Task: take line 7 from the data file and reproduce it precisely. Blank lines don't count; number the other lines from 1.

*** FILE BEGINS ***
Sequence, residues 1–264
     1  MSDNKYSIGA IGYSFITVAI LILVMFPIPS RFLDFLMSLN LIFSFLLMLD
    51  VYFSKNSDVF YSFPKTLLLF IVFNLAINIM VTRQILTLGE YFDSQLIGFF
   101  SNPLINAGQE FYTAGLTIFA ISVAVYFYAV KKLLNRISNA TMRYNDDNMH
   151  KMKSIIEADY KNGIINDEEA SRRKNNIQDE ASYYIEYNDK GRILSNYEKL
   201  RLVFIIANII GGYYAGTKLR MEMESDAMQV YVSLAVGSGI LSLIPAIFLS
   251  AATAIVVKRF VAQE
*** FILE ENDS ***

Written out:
   251  AATAIVVKRF VAQE